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The Last Man on the Mountain

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The Last Man on the Mountain

Postby Sam Page » Fri Feb 11, 2011 8:20 pm

I just finished reading The Last Man on the Mountain: the Death of an American Adventurer on K2. I found it to be a clearly written, thoroughly researched, and insightful book about the disastrous 1939 American K2 expedition. Has anyone else read it? What did you think?

I wrote a brief review of it here.

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Re: The Last Man on the Mountain

Postby outdoorabstract » Sat Feb 12, 2011 3:25 am

I read it about a month ago. I thought it was very well done and told an interesting story about people from a different era. I would recommend it.
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Re: The Last Man on the Mountain

Postby aglane » Sun Feb 13, 2011 4:42 am

A nicely calm commentary, with an appropriate stinger in your last sentence. Yes indeed, "a low point in American mountaineering."
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Re: The Last Man on the Mountain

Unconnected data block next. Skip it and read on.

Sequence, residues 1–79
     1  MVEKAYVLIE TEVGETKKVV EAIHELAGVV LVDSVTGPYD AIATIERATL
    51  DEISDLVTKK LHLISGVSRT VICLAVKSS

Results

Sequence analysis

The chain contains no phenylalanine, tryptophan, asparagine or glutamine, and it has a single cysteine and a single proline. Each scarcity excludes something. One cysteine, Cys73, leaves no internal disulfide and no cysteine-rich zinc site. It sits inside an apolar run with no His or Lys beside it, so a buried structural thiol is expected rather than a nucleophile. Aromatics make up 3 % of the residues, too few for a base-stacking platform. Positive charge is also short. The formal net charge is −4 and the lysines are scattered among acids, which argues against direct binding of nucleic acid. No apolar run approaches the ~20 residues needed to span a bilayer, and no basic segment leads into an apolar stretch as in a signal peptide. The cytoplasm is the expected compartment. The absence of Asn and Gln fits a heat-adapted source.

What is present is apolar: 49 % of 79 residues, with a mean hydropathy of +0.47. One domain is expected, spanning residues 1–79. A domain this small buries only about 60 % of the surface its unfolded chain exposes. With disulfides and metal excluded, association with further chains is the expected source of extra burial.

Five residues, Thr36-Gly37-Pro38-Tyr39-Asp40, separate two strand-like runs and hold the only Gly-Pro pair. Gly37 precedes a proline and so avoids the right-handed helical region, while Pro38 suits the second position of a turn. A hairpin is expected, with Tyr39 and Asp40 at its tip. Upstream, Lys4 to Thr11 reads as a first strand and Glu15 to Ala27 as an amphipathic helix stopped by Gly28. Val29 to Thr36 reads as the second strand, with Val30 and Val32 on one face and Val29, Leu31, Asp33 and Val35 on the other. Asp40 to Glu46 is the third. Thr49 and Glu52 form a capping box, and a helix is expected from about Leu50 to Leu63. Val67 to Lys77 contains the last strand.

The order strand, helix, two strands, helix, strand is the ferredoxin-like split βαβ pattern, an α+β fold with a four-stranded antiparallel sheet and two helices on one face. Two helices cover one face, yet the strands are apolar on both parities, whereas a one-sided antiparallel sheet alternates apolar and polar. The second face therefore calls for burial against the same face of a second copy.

Postby Marmaduke » Tue Feb 15, 2011 12:39 am

Very good book! I would also read the following as they tell of the same story but from different perspectives, based on each writer that researched the story and then drew their own conclusions. The Savage Mountain, Life and Death on the Worlds Most Dangerous Mountain and One Mountain Thousand Summits.
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Re: The Last Man on the Mountain

Postby hikerbrian » Tue Feb 15, 2011 1:03 pm

I enjoyed the book, particularly the way in which their first encounters with K2 are described - one gets the feeling that the team is obviously in so far over their heads - yet up they go. It was, of course, quite frustrating to read the sequence that lead to Wolfe's death - you know what is about to happen, yet you still try to convince yourself that it will end otherwise. I was also bothered by the fact that significant parts of the story, as told by Jordan, must be supposition - it can't be any other way. There just isn't enough objectively recorded info to be able to draw firm conclusions about what ultimately happened high on the mountain. I know this to be true, and I read the book with exactly that expectation, yet I still found it frustrating. The story makes the reader quite sympathetic towards Wolfe, and certainly not so much towards Weissner, Durrance and the rest, yet the reader must take this particular telling with a grain of salt. I think I will read the other accounts, just to get another take, although I'm confident only the dead really know how it all went down. I think Jordan actually makes this exact point somehwere in the intro. I didn't get the feeling that she was trying to convince the reader that Last Man was anything other than her point of view. Definitely more than a few lessons in group dynamics to be learned from this book.
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